Sunday, June 22, 2008

In the Time of the Candle


In domestic lighting for nearly the first half of the present century candles hold undisputed sway. Old stagers may yet recall the dimly lighted parlor, the fire burning softly in the twilight, where the elders kept blind man's holiday. The bell is rung, and Mary brings in candles, a pair of molds in tall brass candlesticks, brightly polished, with snuffers on a tray — a sharp beaked snuffers of steel, with jaws that opened and shut with a snap, and something sinister in their appearance.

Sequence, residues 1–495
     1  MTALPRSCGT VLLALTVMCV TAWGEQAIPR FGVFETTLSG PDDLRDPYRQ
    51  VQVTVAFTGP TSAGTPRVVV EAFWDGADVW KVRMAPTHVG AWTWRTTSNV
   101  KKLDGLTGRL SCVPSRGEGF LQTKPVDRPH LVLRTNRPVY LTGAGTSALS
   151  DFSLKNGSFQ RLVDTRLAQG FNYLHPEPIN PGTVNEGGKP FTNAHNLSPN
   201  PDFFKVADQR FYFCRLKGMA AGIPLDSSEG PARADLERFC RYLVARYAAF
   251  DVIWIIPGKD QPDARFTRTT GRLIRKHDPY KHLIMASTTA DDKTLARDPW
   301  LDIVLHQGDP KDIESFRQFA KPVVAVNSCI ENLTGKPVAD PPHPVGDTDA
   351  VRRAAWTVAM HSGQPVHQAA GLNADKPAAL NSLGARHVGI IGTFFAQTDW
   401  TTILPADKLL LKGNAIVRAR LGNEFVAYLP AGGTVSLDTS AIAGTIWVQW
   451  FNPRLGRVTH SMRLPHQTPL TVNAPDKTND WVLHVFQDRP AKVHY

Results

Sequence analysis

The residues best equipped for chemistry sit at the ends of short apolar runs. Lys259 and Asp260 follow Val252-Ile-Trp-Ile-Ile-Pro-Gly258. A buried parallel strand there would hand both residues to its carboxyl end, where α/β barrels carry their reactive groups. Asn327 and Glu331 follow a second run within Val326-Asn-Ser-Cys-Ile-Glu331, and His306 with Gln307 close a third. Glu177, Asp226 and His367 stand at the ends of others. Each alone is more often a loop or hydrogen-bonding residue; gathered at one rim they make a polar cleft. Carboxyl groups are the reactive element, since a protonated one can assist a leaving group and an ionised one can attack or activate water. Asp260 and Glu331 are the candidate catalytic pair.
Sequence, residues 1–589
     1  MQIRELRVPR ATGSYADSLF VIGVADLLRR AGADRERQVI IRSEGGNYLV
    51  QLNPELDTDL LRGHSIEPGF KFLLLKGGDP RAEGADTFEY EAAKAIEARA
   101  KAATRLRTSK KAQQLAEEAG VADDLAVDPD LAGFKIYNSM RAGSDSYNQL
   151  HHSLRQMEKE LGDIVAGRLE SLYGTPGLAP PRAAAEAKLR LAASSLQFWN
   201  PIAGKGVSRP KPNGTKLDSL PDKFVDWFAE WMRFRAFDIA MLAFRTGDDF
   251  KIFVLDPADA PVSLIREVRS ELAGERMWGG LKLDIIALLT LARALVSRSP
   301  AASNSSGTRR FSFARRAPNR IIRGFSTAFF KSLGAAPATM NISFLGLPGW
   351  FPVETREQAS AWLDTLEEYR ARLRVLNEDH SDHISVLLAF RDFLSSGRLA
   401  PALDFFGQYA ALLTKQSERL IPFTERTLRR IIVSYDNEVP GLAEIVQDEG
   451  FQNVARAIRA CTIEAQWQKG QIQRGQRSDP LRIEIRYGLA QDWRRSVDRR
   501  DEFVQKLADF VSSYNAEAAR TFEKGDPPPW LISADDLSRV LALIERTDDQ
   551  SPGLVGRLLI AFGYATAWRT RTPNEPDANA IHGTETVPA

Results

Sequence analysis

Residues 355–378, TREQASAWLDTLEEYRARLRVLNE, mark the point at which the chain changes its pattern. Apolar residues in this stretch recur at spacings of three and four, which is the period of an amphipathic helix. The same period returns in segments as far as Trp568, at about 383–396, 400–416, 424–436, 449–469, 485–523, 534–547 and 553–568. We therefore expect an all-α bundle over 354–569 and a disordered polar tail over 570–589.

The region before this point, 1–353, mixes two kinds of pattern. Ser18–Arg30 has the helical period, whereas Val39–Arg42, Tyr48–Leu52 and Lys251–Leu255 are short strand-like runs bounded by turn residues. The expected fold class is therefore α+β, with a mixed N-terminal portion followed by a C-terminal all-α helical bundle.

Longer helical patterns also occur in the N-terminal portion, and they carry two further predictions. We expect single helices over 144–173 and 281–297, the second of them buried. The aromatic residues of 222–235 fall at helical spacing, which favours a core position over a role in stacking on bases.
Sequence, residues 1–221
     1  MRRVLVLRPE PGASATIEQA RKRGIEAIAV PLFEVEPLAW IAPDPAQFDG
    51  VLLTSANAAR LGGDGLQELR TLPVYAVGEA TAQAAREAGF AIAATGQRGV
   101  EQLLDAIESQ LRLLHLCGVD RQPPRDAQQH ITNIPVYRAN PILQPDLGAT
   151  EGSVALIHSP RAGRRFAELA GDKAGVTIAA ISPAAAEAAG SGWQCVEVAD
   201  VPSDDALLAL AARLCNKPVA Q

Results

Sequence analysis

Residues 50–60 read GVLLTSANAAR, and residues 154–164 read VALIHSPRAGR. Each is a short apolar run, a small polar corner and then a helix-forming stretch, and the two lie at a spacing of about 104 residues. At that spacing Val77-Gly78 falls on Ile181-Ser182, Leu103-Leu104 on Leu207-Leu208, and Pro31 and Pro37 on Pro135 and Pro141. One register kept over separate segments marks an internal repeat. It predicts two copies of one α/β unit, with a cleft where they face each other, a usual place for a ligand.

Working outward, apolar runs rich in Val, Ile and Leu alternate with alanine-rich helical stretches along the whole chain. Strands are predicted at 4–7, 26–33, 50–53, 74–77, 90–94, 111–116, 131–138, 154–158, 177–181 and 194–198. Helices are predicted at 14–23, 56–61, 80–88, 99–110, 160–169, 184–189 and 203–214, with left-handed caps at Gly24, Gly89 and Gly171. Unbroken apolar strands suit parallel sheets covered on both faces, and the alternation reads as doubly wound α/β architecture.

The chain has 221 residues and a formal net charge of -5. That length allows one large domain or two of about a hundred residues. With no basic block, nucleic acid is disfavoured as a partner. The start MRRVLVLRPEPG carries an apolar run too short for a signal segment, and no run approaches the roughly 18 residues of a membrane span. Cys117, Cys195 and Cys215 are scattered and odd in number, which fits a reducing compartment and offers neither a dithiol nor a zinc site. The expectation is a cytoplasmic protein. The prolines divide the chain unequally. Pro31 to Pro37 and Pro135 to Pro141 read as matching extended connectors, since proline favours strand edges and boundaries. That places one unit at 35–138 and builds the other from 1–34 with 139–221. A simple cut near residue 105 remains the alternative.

There were plated candlesticks and snuffers, too, for occasions of state, with silver branches that suggested the spoils of Jerusalem, but there was also a lamp, a stately edifice of bronze that towered over the family circle at times and shed a generous and genial light when so inclined. But what a demon it was to smoke and to smell! And it would burn, when it condescended to burn at all, nothing but the very finest sperm oil at a fabulous price per gallon. — All the Year Round.

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